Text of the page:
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The Visit Coffee & Eatery, Nürnbergerstraße

A espresso in a wide-brimmed white cup with a V on the front (for The Visit).Just two weeks ago I was in Berlin, at my first face-to-face work meeting since early 2020. It was also my first to Berlin in the Coffee Spot era. My initial research suggested that speciality coffee was to be found in the east, in Mitte, Prenzlauer Berg and Kreuzberg, whereas I was in a hotel in the heart of old West Berlin, just to the south of the Zoological Garden, an area where speciality coffee was in short supply.

Fortunately, this proved to be an overstatement, with both Five Elephant and The Barn having locations within easy walking distance. Unfortunately, they didn’t open until 11:00, which is where The Visit Coffee & Eater came in. Literally down the street from my hotel, and opening at 07:30, I could walk over, grab a flat white and make it back before the start of my meeting.

As well as some excellent coffee on espresso, batch brew and pour-over, as the name suggests, The Visit is one of those rare Berlin coffee shops that also does food, with an interesting brunch menu, plus a range of bagels, cakes and pastries. There’s plenty of seating outside on the pavement, as well more tables inside.

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Intelligentsia, Post Office Square

A Black Cat espresso in a classic white cup, served at the Intelligentsia coffee bar on Post Office Square in Boston.I have a soft spot for Intelligentsia, a Chicago institution for more than 20 years, where I took some of my earliest steps in speciality coffee, long before I even knew what it was. Intelligentsia has been slowly expanding across the USA, with shops in Los Angeles, New York City and Austin. Now it’s reached New England with two Boston locations, one in Watertown and this one, right in the heart of the downtown on Post Office Square.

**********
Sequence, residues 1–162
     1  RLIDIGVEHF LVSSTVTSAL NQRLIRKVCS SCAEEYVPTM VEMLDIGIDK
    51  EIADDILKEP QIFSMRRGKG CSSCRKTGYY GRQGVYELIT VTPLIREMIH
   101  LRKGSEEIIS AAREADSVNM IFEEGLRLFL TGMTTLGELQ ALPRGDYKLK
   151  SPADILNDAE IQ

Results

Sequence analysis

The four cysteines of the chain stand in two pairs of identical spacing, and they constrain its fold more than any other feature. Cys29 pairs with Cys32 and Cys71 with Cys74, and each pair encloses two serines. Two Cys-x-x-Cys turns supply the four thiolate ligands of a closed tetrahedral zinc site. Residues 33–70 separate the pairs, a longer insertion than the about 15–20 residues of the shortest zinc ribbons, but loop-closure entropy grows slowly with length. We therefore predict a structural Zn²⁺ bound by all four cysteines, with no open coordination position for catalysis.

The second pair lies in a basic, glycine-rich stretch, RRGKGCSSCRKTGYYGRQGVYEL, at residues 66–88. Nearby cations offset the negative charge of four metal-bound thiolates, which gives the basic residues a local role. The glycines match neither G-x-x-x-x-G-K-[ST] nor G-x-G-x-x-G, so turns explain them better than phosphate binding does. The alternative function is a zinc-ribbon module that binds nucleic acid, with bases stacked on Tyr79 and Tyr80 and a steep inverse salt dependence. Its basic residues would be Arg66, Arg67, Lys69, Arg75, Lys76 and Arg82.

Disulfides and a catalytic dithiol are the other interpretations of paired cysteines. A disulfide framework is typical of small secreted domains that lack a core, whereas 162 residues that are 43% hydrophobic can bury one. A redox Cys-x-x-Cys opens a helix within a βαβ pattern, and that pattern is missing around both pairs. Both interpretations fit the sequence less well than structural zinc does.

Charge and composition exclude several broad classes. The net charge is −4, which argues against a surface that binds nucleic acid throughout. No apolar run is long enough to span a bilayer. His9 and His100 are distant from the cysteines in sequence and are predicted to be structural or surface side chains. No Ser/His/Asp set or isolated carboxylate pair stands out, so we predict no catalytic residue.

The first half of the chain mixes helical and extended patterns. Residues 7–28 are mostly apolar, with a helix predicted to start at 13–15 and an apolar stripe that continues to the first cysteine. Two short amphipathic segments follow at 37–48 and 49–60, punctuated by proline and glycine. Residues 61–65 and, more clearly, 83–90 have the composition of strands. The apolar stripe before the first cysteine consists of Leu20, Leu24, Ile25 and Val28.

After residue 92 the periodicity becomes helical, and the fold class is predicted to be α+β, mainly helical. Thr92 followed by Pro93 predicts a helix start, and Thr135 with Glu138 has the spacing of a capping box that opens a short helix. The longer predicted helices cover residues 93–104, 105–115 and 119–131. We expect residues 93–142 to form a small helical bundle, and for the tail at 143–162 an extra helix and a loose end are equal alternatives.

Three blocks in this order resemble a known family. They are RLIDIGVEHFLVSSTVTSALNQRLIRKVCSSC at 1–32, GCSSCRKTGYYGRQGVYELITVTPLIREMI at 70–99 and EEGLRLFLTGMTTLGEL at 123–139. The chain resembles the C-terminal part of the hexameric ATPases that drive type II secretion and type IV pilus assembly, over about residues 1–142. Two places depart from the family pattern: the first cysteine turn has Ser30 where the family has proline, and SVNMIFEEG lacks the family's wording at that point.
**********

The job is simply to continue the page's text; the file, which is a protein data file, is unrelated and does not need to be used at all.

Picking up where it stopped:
Occupying a large counter at the back of the lobby of office building 225 Franklin Street, the coffee bar has a fairly standard Intelligentsia offering, with the familiar Black Cat espresso blend joined by a seasonal guest and decaf, while for filter coffee, there are two options on pour-over and one on batch brew. This is backed up by a range of Kilogram Tea, plus cakes and pastries from The Danish Pastry House. You can sit at the coffee bar, at one of three window tables or take your coffee and find a seat in the lobby.

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The Barn Schönhauser Allee